verdict NJA 1996 s. 79 (which isn’t available on the web, so I haven’t
read it) in his support.

However, from the context he gives, it seems
to my non-legally-trained eyes that the verdict NJA
2000 s. 292
concerns a case which is much more similar to the TPB
case. The verdict is about a case where a person provided links to MP3
files that were not hosted on his site (i.e. potential infringement of
the second degree), and it ended in partial victory for the
plaintiff. Any laywers well versed in Swedish copyright law reading
this, please feel free to weigh in 🙂

On a different, but sort-of-related note, I was browsing around Nicklas Lundbergs blog some
more, and found this
interesting paper
on the legality of search engines. Two examples
in particular that interested me:

First, the quote [my
translation]: ”It’s not impossible – with regard to the things
previously said – that [search engines] would never have come into
existance if somebody had first consulted a legal expert”
— food
for thought.

Secondly, the (un-tried) argumentation that
governement agencies should not try to restrict search engine access
to their websites (through robots.txt or similar means),
since it would violate the Swedish principle
of free access to public records
. It’s particularly interesting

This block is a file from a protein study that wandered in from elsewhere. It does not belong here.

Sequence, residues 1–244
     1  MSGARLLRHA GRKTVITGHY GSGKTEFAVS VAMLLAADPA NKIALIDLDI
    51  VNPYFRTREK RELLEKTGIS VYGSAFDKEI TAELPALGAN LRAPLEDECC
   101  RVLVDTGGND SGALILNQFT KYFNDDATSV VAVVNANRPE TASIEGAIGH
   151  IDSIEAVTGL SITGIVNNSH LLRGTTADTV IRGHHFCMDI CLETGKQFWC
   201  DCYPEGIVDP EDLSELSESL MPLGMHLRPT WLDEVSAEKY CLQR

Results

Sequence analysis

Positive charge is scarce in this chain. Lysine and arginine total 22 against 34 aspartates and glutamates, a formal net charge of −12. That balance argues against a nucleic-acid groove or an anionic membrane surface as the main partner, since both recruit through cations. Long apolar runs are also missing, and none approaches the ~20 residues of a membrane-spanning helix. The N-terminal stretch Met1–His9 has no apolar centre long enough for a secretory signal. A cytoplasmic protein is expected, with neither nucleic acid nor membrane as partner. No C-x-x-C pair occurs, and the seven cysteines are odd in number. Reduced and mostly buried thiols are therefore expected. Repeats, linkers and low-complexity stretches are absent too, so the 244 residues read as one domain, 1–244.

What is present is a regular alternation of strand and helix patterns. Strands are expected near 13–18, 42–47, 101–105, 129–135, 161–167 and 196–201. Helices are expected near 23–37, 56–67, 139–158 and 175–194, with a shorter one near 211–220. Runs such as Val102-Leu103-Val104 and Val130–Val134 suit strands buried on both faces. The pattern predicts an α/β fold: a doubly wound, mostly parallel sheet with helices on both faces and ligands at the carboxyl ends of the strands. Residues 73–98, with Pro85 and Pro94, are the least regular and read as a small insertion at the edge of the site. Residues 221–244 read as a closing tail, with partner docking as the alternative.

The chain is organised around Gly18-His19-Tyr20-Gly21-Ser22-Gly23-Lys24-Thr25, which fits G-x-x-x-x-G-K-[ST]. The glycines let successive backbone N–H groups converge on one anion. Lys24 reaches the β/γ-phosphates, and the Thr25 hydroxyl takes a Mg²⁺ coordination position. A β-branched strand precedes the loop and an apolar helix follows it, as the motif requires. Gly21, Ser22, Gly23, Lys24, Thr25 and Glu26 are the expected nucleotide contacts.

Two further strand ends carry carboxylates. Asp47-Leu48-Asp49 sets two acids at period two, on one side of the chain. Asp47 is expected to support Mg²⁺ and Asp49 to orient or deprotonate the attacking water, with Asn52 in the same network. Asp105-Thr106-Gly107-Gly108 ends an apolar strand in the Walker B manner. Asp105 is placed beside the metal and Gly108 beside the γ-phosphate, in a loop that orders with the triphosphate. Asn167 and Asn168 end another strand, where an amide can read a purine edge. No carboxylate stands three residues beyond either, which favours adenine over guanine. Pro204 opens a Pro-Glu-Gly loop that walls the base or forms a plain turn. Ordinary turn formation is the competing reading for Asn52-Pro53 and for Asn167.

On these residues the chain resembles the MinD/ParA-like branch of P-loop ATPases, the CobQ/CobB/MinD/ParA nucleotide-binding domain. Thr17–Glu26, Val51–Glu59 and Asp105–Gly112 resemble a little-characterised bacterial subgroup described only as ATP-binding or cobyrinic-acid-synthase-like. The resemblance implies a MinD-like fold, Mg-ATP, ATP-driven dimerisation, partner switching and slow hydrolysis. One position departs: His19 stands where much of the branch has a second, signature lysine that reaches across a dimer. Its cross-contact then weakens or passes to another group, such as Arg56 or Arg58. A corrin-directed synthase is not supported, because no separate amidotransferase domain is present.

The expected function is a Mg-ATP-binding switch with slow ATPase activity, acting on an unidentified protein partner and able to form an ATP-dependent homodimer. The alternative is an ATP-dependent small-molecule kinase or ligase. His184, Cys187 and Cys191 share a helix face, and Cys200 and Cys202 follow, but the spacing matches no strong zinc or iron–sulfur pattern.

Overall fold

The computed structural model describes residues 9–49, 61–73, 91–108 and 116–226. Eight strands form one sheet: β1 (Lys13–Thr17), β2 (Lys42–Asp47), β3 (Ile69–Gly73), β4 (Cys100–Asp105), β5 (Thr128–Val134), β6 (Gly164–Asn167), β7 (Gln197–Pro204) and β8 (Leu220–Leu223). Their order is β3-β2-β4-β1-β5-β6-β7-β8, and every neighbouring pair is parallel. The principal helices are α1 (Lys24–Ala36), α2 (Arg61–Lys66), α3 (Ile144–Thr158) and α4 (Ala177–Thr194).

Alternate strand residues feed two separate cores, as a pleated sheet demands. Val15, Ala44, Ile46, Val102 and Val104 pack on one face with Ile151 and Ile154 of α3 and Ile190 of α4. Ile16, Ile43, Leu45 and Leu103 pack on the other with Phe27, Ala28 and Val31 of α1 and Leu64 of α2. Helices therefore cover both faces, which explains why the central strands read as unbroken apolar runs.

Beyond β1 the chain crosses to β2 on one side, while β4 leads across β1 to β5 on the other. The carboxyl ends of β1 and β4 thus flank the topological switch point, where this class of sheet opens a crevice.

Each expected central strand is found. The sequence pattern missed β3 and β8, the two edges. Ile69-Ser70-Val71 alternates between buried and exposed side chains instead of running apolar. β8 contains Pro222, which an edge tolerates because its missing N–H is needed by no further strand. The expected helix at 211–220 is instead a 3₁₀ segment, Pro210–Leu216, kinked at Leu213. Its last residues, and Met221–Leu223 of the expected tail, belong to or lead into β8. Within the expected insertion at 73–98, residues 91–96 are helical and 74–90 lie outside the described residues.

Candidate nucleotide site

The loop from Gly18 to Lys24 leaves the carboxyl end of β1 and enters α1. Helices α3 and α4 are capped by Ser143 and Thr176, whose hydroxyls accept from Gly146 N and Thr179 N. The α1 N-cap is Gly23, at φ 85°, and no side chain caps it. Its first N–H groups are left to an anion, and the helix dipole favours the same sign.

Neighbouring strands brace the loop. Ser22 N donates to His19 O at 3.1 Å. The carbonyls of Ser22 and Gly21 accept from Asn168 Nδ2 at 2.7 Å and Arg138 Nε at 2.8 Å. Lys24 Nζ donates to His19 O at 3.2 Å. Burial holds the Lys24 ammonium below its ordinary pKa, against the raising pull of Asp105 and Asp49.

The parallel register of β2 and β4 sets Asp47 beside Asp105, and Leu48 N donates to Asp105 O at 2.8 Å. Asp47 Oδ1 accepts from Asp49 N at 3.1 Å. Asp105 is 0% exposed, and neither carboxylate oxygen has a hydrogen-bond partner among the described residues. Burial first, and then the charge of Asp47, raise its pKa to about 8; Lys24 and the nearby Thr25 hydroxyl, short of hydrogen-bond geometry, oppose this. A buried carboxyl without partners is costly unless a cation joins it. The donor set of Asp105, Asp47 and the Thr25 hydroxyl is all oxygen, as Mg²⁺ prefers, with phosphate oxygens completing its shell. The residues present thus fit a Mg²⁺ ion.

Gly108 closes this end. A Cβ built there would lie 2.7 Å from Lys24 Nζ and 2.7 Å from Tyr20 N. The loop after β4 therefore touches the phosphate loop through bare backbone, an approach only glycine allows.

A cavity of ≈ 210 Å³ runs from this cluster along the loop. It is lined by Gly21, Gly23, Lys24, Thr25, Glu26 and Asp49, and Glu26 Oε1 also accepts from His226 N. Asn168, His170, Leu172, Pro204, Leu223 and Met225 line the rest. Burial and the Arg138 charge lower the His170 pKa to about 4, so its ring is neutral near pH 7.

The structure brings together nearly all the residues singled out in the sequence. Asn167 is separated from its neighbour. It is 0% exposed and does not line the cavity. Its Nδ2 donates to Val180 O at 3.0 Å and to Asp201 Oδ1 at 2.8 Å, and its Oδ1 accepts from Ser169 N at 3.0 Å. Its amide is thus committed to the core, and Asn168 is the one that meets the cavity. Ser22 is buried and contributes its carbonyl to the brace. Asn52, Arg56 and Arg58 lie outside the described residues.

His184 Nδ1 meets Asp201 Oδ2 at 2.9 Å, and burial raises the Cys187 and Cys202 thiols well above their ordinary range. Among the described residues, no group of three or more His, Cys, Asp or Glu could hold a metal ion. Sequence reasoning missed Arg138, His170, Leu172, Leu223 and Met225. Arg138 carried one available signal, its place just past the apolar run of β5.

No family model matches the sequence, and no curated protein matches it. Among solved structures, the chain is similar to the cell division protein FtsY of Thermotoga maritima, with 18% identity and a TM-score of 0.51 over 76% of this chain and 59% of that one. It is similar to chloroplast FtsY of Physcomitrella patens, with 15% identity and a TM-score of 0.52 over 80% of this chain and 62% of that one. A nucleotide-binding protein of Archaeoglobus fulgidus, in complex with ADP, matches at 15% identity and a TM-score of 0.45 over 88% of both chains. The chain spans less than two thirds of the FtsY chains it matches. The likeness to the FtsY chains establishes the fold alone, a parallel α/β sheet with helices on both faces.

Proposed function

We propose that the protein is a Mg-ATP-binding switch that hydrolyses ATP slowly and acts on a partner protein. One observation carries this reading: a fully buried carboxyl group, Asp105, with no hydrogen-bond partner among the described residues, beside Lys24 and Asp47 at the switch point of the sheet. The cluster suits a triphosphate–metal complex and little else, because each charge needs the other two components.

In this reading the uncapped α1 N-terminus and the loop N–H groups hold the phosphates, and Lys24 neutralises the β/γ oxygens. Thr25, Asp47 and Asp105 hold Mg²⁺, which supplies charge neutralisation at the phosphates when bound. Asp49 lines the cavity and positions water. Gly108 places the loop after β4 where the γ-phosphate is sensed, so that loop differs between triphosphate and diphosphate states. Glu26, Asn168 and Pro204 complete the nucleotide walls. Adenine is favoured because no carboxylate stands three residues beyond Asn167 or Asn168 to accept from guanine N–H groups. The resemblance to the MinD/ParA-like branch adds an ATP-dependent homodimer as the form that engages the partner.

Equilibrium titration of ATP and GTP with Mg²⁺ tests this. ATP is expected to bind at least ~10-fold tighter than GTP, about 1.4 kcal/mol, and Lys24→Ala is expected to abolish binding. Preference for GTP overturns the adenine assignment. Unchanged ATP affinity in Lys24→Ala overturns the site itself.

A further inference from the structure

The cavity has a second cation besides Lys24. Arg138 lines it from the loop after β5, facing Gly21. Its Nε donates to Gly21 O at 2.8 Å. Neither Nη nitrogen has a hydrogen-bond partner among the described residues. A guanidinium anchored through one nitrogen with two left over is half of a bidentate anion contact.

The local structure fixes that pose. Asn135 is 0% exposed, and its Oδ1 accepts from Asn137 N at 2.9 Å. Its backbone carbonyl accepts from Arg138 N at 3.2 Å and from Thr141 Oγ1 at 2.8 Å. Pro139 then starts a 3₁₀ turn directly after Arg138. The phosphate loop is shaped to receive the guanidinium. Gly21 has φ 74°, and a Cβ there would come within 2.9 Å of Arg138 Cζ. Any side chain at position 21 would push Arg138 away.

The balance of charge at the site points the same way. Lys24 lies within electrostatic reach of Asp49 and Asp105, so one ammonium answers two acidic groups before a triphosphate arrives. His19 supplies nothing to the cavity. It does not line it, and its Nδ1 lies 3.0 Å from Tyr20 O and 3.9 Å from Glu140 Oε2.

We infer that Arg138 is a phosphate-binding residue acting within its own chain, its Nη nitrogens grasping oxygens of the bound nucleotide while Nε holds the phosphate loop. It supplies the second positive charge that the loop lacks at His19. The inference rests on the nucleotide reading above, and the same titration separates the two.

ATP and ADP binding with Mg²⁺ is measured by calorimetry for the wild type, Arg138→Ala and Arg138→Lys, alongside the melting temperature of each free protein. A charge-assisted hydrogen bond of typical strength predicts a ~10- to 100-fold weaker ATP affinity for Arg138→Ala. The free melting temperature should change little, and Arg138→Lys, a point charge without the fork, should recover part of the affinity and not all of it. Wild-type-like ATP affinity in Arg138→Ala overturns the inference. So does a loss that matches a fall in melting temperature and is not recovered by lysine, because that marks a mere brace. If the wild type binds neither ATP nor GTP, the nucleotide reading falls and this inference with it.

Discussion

since Rixlex, the main
repository of swedish law texts, does just that.

The GNU GPL, modifications and swedish copyright law.

Yesterday, I was involved in a discussion that started with the Affero General Public
, a modification of GNU GPL, indented to close the ASP
in GNU GPL v2. The ”ASP loophole” referst to the fact
that a Application service provider (ASP) can make the functionality
of a GPL’ed program available, without distributing the actual
program, through a Web UI or something similar.

The Affero GPL (and upcoming
GPL v3
) intends to close this by demanding (in 2 d) that, if the
software has functionality to allow users to download the source code
of that program, you may not remove this functionality.

Now, the GPL (both Affero and GNU v2) is not a binding license. It
even says so itself in section 5: ”You are not required to accept this
License, since you have not signed it”
. It’s power derives from